House Republican completely shuts down Steve Bannon after being told they had 'no choice' in Trumpcare vote

Steve BannonChip Somodevilla/Getty ImagesWhite House Chief Strategist Steve Bannon waits for the arrival of U.S. President Donald Trump for a meeting on cyber security in the Roosevelt Room at the White House January 31, 2017 in Washington, DC.

A few days before the American Health Care Act, the Republican replacement bill for the Affordable Care Act, was pulled from the floor of the House of Representatives, House Republicans had a sharp rebuke for chief White House strategist Steve Bannon when he met with them at the White House, according to a report from Axios.

The conversation started off on the wrong foot, with Bannon adopting a tone the report characterised as authoritative.

“Guys, look. This is not a discussion. This is not a debate. You have no choice but to vote for this bill,” Bannon reportedly said to members of the ultra-conservative House Freedom Caucus.

But those in the Freedom Caucus weren’t buying into Bannon’s opening gambit. “You know, the last time someone ordered me to something, I was 18 years old. And it was my daddy. And I didn’t listen to him, either,” said one member of the caucus.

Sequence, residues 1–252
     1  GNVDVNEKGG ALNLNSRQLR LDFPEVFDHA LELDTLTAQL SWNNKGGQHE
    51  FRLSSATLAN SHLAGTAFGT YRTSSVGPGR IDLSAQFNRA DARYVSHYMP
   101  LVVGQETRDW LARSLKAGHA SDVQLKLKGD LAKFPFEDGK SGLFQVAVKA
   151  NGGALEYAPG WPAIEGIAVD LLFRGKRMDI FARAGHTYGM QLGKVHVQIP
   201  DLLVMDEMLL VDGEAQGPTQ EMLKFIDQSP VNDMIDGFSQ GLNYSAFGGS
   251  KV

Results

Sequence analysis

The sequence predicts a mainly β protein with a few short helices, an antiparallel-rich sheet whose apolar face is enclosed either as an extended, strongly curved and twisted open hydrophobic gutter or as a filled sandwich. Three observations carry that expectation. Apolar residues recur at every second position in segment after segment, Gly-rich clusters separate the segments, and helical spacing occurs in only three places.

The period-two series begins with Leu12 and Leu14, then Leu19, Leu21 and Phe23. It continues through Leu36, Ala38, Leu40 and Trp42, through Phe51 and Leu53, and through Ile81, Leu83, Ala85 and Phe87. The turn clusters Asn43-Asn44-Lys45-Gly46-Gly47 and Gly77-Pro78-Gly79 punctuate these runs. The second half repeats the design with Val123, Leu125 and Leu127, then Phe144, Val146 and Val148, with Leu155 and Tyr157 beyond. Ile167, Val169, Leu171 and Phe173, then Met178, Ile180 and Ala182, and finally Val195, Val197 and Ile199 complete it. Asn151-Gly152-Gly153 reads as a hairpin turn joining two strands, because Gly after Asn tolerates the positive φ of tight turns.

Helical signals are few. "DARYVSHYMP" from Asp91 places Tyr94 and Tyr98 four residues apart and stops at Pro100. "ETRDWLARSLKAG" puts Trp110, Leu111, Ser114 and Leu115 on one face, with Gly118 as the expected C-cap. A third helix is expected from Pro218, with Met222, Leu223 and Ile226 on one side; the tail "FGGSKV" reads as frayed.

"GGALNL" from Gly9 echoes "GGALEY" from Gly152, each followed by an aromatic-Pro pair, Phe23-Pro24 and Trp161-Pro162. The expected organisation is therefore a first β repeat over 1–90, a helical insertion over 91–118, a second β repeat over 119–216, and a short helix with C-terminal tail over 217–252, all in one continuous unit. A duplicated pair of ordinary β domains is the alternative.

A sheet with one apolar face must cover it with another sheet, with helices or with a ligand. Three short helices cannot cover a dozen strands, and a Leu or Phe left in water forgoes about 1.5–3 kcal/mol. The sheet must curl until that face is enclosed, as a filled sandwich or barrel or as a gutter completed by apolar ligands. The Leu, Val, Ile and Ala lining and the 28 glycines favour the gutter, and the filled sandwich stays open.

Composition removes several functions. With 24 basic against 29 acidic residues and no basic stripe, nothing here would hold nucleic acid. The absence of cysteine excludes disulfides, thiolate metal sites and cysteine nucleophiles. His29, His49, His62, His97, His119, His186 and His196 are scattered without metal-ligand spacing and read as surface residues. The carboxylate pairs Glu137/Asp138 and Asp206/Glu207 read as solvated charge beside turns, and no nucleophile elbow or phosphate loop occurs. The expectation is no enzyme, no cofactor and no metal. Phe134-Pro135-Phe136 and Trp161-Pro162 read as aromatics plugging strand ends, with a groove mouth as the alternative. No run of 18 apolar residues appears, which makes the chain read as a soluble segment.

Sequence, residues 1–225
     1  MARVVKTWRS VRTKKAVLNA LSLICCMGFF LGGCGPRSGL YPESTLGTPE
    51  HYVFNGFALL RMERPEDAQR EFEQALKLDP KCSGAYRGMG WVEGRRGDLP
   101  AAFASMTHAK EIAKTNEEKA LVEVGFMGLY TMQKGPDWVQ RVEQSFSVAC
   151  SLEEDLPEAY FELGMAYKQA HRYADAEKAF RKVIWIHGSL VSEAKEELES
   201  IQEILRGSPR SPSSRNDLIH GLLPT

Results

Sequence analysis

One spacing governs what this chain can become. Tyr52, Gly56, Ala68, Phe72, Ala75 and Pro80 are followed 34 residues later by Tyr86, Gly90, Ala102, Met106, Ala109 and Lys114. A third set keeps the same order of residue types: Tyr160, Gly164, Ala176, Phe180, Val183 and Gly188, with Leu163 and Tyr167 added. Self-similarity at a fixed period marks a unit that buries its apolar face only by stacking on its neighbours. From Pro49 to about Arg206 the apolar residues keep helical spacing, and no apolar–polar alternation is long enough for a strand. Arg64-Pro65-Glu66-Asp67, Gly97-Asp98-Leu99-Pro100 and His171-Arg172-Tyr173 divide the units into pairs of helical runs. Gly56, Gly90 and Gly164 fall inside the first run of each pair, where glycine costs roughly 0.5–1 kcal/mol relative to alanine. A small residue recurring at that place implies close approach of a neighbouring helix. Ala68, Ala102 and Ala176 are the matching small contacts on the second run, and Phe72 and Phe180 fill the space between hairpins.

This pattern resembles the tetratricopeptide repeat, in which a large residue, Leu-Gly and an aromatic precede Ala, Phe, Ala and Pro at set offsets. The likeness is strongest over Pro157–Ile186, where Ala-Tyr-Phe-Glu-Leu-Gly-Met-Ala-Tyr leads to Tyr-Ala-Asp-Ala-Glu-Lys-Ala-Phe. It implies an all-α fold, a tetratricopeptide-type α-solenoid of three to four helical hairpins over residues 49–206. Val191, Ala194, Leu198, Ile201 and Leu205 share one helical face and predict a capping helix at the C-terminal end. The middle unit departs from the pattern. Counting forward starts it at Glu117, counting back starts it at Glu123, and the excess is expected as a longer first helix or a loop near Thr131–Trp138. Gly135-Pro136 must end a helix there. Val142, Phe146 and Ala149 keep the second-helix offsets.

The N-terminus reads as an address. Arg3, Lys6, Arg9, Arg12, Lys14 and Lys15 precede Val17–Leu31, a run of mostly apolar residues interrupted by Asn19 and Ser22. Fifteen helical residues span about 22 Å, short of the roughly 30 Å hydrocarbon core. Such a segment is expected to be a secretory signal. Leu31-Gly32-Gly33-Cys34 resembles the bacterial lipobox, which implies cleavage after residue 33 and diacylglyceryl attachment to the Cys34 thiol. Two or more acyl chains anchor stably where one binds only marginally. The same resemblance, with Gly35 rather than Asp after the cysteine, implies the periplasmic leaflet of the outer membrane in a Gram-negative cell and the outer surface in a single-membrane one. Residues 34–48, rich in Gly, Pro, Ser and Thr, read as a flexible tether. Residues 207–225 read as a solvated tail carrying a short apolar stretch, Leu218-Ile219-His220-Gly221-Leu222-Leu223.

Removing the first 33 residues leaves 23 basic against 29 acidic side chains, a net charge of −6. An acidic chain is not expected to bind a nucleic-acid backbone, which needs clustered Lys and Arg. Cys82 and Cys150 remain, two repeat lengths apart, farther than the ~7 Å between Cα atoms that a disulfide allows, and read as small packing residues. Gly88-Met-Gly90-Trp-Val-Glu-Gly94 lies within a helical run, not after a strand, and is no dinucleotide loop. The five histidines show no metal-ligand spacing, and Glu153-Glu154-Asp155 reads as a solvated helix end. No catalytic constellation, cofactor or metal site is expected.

The meeting was part of an effort by the Trump administration to woo Freedom Caucus members — without their support, the bill was doomed.

In the end, the White House and Republican leadership were unable to wrangle enough votes to pass the bill on the floor of the House. Initially, it drew staunch opposition from members of the Freedom Caucus and other conservatives like Kentucky senator Rand Paul. Paul and his colleagues referred to the bill as “Obamacare 2.0” and believed it did not go far enough to repeal the entirety of the Affordable Care Act.

When the White House offered some concessions to hardline conservatives to win their support, it lost the endorsement of more moderate Republicans, who felt that the new bill — which rescinded essential health benefits like emergency room care, maternity care, and mental health care — was too harsh and would harm their constituents.

One of the final blows to the bill came when moderate New Jersey Republican and chair of the House Appropriations Committee, Rodney Frelinghuysen, withdrew his support for Trumpcare.

The bill ultimately failed despite Bannon’s meeting with the Freedom Caucus and President Trump’s ultimatum that if the House did not pass the AHCA, Obamacare would stay and the president would move on to the next item on his legislative agenda.

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